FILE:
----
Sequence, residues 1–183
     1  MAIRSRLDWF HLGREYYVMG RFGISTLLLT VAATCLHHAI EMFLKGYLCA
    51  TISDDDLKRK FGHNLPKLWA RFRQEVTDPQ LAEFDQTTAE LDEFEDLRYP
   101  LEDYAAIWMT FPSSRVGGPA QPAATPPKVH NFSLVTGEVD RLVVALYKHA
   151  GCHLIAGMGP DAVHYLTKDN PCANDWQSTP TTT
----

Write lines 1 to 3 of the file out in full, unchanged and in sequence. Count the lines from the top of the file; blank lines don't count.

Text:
Sequence, residues 1–183
     1  MAIRSRLDWF HLGREYYVMG RFGISTLLLT VAATCLHHAI EMFLKGYLCA
    51  TISDDDLKRK FGHNLPKLWA RFRQEVTDPQ LAEFDQTTAE LDEFEDLRYP